• all offences are now clearly categorised as being either category 1, 2, 3 or 4 offences and the penalties applicable to each type are set out in one provision;
  • activities that might otherwise prejudice shareholders or creditors are permitted where the company complies with a "Summary Approval Procedure" which requires a special resolution and a declaration of solvency from the directors which, in some cases, must be supported by the report of an independent person;
  • Table A (the current model set of internal regulations adopted by significant numbers of private companies) will be abolished. Instead, depending on the type of corporate structure adopted, there will be a number of optional provisions which will apply as "statutory defaults" to govern the company unless the constitution provides otherwise;
  • directors of certain companies will be obliged to include a compliance statement in their directors' report stating that certain things have been done or else explaining why they have not been done.

All existing private companies should update their existing M&A with a new constitution; this can be done when reregistering as an LTD, DAC or any other type of company. Corporate trustees should review their M&A in light of the new changes being introduced by the Act and determine whether they need to take any action and if so, should discuss any proposed changes with their legal advisers.


The Social Welfare and Pensions (Miscellaneous) Act, 2013 (the "2013 Act") restructured the Pensions Board and spilt its functions into two distinct elements. With effect from 7 March 2014, the Pensions Board was renamed the Pensions Authority (the "Authority") and its CEO, Brendan Kennedy, was given the title of Pensions Regulator. The role of the Authority is confined to regulatory matters.

The policy functions of the old Pensions Board were transferred to the new Pensions Council (the "Council"). In early February 2015, the Tánaiste and Minister for Social Protection announced the members of the board of the Council. They are Jim Murray (Chair), Roma Burke, Kirstie Flynn, Dr Shane Whelan, Anthony Gilhawley, Brendan Keenan, Sandra Rockett and Sinead Ryan. The Pensions Regulator will also sit on the Council as will government nominees Helen McDonald (Social Protection), Marie Louise Delahunty (Finance/ Central Bank) and Peter Brazel (Public Expenditure and Reform).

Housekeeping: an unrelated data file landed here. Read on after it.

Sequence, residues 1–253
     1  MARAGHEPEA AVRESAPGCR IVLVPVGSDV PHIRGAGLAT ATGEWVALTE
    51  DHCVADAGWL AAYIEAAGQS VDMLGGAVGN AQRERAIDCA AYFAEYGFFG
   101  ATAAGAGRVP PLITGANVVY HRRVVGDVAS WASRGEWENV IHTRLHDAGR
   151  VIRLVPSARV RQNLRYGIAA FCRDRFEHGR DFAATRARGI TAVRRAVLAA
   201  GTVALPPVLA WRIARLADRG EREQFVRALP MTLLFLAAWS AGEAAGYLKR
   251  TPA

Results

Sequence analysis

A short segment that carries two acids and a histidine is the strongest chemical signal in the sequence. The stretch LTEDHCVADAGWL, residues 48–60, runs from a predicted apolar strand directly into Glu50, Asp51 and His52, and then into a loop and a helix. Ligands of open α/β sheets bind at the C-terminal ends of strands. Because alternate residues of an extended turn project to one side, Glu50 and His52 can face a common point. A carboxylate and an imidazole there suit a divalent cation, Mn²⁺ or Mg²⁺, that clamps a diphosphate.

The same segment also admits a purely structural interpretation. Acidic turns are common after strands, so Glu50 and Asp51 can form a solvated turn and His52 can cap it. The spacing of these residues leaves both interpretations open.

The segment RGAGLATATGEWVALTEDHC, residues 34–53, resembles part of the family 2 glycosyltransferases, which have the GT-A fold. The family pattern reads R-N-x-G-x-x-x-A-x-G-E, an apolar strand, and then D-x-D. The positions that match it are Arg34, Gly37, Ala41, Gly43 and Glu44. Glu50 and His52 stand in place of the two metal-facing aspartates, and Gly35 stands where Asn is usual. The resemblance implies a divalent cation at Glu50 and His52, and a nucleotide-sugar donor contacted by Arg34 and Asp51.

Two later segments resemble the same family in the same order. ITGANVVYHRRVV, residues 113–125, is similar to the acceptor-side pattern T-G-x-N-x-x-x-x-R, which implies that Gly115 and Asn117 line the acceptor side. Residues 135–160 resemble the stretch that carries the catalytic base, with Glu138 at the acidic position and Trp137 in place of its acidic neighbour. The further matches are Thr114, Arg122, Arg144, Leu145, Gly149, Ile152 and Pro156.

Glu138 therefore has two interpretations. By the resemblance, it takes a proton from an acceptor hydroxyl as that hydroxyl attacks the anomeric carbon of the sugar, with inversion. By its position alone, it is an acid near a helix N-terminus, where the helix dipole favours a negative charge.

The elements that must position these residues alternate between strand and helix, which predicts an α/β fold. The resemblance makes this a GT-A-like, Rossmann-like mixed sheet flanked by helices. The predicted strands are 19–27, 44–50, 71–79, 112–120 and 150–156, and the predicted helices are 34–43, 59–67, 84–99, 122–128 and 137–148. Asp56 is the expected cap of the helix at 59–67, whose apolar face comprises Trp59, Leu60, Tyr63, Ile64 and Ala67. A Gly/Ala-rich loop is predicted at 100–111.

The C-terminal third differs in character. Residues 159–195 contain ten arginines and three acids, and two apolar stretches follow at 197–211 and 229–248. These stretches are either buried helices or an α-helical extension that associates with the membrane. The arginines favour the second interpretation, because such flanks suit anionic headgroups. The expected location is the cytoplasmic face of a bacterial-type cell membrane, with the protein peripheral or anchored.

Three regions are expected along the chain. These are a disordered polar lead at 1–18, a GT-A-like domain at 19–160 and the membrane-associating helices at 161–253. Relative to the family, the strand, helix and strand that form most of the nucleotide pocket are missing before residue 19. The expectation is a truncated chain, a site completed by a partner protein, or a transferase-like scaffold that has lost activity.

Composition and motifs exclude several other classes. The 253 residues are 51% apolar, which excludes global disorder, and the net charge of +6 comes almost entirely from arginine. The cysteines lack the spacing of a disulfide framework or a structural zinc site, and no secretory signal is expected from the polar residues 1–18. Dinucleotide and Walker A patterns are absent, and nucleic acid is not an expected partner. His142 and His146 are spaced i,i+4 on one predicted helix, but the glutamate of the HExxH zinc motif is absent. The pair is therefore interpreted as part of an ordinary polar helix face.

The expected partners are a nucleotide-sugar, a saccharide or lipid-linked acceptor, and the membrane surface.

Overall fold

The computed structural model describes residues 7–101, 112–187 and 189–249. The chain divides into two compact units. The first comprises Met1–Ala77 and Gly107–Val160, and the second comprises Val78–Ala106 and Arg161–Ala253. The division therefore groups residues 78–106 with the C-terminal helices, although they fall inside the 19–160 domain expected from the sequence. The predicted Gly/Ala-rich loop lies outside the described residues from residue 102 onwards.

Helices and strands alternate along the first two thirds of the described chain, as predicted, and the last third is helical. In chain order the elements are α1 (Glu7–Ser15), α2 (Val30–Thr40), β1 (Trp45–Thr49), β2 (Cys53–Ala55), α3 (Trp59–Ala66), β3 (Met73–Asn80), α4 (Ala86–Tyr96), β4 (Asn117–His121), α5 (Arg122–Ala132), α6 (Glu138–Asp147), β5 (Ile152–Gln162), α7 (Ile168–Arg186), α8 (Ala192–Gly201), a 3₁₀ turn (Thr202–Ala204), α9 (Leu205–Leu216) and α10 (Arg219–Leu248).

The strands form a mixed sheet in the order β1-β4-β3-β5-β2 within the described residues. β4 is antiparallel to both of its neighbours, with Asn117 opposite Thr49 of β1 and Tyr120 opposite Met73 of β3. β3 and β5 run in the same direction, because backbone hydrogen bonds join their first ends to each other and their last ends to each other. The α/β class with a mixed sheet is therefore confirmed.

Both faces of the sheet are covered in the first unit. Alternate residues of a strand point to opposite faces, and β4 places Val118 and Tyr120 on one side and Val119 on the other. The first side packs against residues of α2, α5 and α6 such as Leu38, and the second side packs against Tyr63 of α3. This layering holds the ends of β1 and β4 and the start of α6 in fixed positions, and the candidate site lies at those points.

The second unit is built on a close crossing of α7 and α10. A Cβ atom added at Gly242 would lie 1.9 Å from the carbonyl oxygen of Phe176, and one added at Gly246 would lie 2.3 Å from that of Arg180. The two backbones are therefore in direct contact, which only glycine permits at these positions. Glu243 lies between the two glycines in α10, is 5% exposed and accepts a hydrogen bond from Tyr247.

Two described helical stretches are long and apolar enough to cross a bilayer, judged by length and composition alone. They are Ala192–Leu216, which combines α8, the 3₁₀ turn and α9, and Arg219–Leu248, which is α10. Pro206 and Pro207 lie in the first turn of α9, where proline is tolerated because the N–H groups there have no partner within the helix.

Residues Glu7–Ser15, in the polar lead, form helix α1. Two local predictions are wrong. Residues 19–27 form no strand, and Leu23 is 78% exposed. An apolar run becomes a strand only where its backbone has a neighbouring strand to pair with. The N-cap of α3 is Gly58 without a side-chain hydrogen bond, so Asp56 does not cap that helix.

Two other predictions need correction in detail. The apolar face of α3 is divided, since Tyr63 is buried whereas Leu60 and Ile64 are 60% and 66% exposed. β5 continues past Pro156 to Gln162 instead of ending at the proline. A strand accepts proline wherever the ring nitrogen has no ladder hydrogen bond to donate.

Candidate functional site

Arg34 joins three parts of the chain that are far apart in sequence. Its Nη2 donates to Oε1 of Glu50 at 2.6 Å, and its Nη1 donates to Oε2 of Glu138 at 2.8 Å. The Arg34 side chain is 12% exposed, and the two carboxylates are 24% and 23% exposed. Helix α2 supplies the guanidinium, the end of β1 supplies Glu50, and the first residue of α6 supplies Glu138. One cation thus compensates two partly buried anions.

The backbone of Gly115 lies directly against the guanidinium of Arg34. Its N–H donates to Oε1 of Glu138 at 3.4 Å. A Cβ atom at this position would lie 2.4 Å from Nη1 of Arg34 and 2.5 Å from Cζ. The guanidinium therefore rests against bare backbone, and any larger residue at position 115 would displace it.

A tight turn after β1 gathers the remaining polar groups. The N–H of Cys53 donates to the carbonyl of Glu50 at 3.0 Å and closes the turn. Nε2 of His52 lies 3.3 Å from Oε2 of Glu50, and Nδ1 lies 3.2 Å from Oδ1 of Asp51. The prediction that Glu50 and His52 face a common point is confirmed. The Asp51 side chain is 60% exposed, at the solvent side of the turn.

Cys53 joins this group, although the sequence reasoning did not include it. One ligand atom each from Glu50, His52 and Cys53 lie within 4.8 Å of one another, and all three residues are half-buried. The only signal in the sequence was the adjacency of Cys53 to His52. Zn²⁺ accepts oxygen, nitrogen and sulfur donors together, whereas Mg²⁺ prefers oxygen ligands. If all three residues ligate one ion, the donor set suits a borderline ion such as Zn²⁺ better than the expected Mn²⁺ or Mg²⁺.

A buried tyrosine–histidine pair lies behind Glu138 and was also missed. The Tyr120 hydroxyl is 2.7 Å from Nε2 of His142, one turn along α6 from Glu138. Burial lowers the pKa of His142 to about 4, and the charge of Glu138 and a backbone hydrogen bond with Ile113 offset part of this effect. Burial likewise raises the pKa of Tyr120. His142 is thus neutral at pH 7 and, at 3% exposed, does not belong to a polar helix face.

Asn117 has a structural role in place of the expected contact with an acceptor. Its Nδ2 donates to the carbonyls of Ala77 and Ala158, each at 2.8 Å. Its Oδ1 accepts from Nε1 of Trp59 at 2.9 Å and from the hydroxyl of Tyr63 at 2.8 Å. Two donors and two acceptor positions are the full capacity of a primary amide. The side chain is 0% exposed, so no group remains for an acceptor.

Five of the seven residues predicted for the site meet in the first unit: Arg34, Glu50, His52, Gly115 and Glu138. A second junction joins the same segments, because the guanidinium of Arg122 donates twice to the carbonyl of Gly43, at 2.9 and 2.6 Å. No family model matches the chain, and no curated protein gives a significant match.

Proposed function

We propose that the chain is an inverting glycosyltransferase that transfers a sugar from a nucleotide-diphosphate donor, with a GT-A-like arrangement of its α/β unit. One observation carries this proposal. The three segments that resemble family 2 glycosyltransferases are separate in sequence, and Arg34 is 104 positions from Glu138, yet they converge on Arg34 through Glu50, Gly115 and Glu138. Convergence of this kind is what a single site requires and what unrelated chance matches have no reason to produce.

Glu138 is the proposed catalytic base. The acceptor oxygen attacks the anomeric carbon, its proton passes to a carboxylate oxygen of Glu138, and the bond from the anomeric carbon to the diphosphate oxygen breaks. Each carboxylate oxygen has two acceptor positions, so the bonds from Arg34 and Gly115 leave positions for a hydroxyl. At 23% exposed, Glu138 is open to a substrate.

At the announcement of the board of the new Council, the Minister for Social Protection also took the opportunity to announce the establishment of a new Universal Retirement Savings Group to "develop a roadmap and timeline" for the introduction of a universal pension scheme that would be mandatory for employees in Ireland. The Minister noted that just half of workers in Ireland have a pension other than the State pension and that workers in the private sector are less likely to have a private pension. The Minister did not indicate when the universal pension scheme would be introduced.

This announcement is consistent with the OECD report, Review of the Irish Pension System, which was published in April 2013. The OECD report considered that the main policy goal of reforming the Irish pension system should be to improve the adequacy of pensions and suggested the introduction of compulsory pension scheme membership (which was favoured over the auto-enrolment system introduced in the UK or additional tax relief or other incentives for pensions savings). The report did not detail costings or contribution structures.

This article contains a general summary of developments and is not a complete or definitive statement of the law. Specific legal advice should be obtained where appropriate.